Automotive Cybersecurity: Major Changes Underway
January 15, 2021
The National Highway Traffic Safety Administration (NHTSA) released an update to their Cybersecurity Best Practices for the Safety of Modern Vehicles.
The National Highway Traffic Safety Administration (NHTSA) released an update to their Cybersecurity Best Practices for the Safety of Modern Vehicles. The timing of this update and its new recommendations are indicative of major changes underway in the automotive industry concerning cybersecurity. While the NHTSA document provides non-binding guidance, the update is aligned with two new European Union automotive cybersecurity regulations, which are binding. These regulations were adopted in June 2020 by the United Nations Economic Commission for Europe (UNECE) World Forum for Harmonization of Vehicle Regulations (WP.29) and went into effect as of January 2021.
The first of the new European Union regulations requires automotive manufacturers to incorporate cybersecurity practices into their organization, development process, and support of vehicle cybersecurity through their entire lifecycle. The second regulation requires manufacturers to support software updates and the implementation of a software management system to track versions of deployed software to be updated if a vulnerability is identified. These regulations also call for documentation to be maintained so third parties can confirm cybersecurity practices are followed for audit purposes.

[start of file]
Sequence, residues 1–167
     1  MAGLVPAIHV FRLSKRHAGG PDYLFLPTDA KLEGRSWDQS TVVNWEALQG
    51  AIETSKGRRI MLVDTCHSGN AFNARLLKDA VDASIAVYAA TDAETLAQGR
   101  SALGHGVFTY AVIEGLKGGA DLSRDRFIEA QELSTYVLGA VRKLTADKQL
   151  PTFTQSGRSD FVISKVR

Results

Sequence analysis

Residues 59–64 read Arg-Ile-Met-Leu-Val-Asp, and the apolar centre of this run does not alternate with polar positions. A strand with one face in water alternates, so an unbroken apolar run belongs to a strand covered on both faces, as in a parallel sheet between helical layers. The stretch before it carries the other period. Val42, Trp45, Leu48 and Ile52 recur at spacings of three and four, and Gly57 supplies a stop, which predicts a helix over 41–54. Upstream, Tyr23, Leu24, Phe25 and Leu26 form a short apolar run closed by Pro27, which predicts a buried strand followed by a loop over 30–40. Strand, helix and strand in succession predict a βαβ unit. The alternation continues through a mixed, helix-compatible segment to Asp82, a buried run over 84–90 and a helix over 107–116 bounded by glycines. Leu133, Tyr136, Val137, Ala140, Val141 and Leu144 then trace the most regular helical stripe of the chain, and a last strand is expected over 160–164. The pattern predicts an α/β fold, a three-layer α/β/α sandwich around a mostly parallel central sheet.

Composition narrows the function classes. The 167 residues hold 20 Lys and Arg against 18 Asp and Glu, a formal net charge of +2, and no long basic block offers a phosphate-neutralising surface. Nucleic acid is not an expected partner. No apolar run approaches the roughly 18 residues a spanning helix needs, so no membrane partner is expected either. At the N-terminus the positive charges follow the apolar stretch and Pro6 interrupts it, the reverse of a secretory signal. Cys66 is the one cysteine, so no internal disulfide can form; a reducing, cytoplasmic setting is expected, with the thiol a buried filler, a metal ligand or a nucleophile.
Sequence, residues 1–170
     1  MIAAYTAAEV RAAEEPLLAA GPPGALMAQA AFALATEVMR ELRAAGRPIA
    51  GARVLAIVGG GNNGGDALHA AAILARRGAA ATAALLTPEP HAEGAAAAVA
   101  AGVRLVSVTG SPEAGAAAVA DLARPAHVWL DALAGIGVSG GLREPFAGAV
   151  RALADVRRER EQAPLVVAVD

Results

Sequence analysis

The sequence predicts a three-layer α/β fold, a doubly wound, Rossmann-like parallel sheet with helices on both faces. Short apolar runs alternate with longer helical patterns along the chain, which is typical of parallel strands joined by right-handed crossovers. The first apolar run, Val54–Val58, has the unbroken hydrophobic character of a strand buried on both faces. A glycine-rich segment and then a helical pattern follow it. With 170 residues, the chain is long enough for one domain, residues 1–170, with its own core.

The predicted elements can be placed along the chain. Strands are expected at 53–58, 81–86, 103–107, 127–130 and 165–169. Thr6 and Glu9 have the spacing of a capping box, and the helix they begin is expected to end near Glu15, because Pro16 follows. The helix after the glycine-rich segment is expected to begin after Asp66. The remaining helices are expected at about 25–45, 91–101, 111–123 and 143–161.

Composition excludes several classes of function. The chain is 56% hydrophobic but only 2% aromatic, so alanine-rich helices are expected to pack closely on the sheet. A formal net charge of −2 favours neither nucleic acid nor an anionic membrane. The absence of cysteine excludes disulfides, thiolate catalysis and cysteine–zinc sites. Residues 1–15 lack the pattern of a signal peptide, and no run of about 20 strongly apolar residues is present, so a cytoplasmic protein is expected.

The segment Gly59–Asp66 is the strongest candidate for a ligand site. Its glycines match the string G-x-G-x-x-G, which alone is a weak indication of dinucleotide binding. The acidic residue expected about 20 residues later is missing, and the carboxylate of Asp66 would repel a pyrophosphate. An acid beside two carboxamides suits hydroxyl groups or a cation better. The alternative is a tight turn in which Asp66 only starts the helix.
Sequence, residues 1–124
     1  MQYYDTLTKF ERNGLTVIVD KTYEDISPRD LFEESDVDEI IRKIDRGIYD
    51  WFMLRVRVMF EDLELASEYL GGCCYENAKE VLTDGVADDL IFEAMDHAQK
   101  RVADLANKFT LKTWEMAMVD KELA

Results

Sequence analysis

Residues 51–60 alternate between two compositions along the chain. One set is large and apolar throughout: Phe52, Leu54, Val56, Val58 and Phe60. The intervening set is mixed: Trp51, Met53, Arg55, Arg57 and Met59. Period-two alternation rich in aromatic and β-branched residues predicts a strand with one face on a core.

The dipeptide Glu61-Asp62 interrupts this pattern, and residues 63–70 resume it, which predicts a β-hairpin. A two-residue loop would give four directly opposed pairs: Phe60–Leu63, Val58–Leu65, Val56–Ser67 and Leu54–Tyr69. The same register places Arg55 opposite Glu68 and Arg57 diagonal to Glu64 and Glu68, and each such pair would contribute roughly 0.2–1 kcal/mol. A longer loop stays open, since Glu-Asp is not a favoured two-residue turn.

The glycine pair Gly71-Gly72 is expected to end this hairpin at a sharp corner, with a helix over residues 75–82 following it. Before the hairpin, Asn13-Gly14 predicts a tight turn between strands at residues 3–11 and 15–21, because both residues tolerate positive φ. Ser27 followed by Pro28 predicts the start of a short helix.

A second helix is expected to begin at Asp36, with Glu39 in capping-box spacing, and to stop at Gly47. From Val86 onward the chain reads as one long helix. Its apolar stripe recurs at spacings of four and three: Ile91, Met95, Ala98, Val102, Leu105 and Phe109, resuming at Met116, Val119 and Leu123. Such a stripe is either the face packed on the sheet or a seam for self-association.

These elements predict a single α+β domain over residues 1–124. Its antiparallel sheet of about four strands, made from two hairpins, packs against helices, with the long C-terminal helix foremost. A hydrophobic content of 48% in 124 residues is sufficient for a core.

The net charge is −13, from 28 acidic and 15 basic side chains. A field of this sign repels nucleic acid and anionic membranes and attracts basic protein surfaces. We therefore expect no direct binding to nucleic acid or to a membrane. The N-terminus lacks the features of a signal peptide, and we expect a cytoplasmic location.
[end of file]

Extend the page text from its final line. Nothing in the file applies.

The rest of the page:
The timing to support these regulations is short when considering the development cycles for automobiles. New vehicle types must comply by July 2022. All newly produced vehicles need to comply by July 2024. These two regulations will ripple around the world to all automotive manufacturers that sell into Europe and will affect them at an organizational and operational level.
The new NHTSA document provides both general and technical best practices guidance. In the sections on general best practices, the connection is made to the WP.29 regulations through references to ISO/SAE 21434. ISO/SAE 21434 is a cybersecurity framework and a reference implementation for the WP.29 regulations. It was developed in parallel with the new regulations and in communication with the WP.29 group. So, alignment with ISO/SAE 21434 is, by and large, alignment with the European Union regulations.
There are 43 general best practice recommendations made in the NHTSA document and 14 include specific references to ISO/SAE 21434. Another 14 can be directly mapped to 21434. Four of the NHTSA recommendations are specific and most likely would be covered by the outcome of the 21434 processes. That leaves 11 of the NHTSA best practices that are not addressed by a 21434 implementation and would need specific consideration in addition to the application of 21434 processes. For more information on this see: Does Implementation of ISO/SAE 21434 Bring NHTSA’s Best Practice Recommendations Along for the Ride?
The NHTSA document also references Auto-ISAC’s series of seven best practices guides. The Auto-ISAC is an industry-supported information sharing group with a charter to facilitate collaboration and timely communication between automotive companies concerning exploited vulnerabilities. The Auto-ISAC guides cover a variety of cybersecurity topics ranging from training to product development, to incident response.